January 2018
Infectious Disease
Peer Reviewed

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Recognizing infectious diseases can be challenging, as clinical signs and laboratory findings are often similar among diseases and may mimic neoplastic or immune-mediated disease. The cases presented here illustrate how some uncommon but re-emerging infectious diseases can be identified rapidly and treated appropriately. 

CASE 1

A 3-year-old, neutered male crossbreed sighthound is presented with a week-long history of lethargy and progressive loss of appetite. The dog was recently adopted from a shelter in the Los Angeles area and appeared healthy at adoption. He received all core vaccinations and was neutered while under the care of the shelter.

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On physical examination, the veterinarian notices pale mucous membranes with pinpoint petechiae (Figure 1). Abdominal palpation reveals moderate splenomegaly. The remainder of the examination is within normal limits.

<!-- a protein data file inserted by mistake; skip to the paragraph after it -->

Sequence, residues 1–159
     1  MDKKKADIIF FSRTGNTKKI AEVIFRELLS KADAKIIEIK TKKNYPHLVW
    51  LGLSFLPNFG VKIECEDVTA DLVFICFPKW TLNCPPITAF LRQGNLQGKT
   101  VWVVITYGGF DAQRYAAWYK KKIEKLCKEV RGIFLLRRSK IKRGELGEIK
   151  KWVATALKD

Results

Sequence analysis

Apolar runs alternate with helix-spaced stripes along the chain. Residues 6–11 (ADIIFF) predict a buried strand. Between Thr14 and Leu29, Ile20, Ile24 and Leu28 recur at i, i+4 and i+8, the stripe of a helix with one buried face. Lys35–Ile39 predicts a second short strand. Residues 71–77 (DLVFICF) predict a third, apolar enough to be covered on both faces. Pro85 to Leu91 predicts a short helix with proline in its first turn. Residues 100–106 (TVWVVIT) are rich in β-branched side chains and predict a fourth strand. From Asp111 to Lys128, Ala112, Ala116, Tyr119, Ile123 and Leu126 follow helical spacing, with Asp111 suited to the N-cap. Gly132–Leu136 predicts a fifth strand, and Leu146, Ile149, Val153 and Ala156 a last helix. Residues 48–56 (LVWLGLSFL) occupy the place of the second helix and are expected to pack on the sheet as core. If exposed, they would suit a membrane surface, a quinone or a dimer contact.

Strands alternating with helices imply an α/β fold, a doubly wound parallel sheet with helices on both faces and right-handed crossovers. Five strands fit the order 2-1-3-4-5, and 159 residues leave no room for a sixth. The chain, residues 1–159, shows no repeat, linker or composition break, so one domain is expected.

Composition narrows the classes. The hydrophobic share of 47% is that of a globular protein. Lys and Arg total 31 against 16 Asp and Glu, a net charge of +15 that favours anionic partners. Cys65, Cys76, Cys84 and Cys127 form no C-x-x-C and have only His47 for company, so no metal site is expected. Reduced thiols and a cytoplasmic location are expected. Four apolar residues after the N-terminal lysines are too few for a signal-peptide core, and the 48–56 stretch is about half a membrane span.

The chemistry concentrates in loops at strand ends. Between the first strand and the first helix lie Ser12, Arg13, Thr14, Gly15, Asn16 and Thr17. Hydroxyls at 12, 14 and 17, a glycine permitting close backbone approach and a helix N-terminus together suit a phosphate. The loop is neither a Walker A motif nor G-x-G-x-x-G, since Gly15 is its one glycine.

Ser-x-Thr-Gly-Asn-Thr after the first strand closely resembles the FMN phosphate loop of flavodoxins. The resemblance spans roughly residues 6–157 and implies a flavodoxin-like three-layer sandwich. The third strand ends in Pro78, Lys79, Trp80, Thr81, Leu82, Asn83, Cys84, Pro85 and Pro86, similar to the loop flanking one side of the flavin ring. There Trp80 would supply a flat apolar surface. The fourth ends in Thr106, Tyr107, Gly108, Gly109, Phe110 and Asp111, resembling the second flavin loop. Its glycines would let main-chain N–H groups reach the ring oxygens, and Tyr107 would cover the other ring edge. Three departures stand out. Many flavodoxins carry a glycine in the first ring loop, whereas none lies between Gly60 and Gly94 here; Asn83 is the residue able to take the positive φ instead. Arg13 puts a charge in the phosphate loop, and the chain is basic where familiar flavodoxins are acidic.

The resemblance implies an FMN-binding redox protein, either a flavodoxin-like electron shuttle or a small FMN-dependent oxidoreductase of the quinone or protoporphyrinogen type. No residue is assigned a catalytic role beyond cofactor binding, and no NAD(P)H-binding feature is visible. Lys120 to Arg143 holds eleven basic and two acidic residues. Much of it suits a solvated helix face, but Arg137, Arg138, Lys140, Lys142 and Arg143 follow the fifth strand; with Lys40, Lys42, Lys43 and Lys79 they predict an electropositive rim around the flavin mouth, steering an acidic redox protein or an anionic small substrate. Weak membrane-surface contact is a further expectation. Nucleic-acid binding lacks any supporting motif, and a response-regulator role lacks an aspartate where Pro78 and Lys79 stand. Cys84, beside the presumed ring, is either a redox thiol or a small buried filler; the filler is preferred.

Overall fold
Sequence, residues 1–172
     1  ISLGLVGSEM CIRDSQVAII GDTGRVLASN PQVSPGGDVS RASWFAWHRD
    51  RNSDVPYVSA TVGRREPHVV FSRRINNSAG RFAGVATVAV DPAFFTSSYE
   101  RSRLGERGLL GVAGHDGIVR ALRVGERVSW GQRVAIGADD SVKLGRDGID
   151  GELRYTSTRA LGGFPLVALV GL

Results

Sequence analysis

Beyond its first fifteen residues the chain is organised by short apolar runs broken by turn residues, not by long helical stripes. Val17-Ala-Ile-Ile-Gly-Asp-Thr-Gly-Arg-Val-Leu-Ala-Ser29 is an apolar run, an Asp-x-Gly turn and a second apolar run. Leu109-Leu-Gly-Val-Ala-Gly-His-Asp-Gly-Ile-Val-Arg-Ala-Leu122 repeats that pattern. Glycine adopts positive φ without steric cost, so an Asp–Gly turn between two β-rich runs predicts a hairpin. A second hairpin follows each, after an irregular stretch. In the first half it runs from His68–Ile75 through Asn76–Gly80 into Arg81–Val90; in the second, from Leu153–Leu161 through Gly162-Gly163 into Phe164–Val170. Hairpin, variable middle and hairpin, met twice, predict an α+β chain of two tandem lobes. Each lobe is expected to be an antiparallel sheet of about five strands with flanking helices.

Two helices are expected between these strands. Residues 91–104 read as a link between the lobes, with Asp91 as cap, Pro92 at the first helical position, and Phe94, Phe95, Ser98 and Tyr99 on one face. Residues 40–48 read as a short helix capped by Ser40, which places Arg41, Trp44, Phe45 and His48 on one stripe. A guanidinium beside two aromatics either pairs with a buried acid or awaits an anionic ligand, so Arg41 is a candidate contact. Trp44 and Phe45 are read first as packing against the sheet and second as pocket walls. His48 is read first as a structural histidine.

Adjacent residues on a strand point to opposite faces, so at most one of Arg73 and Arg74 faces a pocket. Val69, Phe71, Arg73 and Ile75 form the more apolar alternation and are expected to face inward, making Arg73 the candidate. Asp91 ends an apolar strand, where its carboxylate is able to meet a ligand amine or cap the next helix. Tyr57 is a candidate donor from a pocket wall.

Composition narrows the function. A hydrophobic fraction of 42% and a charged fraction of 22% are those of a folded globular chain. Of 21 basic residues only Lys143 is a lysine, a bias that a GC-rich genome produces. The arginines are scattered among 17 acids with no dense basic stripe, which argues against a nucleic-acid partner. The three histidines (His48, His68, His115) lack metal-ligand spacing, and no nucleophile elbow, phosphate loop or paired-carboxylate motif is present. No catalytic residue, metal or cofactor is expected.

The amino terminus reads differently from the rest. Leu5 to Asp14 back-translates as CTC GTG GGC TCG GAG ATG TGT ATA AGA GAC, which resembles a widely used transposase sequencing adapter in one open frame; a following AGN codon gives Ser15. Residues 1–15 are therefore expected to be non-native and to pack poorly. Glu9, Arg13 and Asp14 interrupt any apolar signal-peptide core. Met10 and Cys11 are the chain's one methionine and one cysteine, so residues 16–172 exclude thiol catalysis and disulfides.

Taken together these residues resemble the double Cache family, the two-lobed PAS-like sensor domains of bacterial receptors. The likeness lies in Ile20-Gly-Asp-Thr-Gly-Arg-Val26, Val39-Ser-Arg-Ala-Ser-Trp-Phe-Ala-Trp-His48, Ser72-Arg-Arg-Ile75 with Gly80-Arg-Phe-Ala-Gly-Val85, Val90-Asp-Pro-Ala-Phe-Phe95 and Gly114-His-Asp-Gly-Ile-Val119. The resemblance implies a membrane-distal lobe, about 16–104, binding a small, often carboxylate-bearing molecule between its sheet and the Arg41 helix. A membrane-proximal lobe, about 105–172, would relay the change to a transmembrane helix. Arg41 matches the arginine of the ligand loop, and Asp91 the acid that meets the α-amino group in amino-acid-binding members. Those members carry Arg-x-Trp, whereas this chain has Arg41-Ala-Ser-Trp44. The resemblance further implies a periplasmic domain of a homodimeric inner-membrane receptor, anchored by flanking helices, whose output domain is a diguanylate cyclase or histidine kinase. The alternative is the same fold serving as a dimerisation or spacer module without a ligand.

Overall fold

Figure 1

CBC results reveal normal values for lymphocytes, monocytes, eosinophils, and basophils. However, the following parameters are outside reference ranges:

Table
ParameterValueReference Interval
Hematocrit (%)28.340-55
MCV (fL)87.665-75
MCHC (g/dL)29.733-36
WBC (cells/µL)34606000-13 000
Neutrophils (cells/µL)15923000-10 500
Platelets (cells/µL)85 000150 000-400 000
MPV (fL) 23.07-13

MCHC = mean corpuscular hemoglobin concentration, MCV = mean corpuscular volume, MPV = mean platelet volume

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Infectious Diseases in Dogs: 2 Cases

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Author

Jonathan Dear

DVM, DACVIM (SAIM) University of California, Davis

Jonathan Dear, DVM, DACVIM (SAIM), is an assistant professor of clinical internal medicine at University of California, Davis, where he also completed a residency in small animal internal medicine. Dr. Dear’s research interests include vector-borne infectious disease, lower urinary tract disease, and infectious respiratory disease of dogs and cats.

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